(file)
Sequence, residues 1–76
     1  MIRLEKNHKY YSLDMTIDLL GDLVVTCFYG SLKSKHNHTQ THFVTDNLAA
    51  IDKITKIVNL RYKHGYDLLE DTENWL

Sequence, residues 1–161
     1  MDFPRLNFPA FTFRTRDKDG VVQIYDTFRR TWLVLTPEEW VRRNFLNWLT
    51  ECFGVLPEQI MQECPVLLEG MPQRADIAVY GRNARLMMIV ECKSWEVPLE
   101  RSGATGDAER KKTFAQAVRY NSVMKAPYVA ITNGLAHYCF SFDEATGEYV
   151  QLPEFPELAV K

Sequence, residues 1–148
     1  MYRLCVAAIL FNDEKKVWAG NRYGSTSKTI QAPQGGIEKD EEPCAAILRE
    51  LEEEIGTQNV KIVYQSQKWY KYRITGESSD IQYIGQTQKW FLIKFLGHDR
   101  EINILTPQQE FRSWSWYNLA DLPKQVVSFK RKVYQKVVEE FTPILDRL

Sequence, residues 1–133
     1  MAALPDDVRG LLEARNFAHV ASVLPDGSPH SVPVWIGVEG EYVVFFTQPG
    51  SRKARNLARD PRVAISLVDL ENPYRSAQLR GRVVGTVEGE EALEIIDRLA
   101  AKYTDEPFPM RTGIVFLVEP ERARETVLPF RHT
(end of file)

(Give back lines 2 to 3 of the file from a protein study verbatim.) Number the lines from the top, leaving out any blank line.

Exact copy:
     1  MIRLEKNHKY YSLDMTIDLL GDLVVTCFYG SLKSKHNHTQ THFVTDNLAA
    51  IDKITKIVNL RYKHGYDLLE DTENWL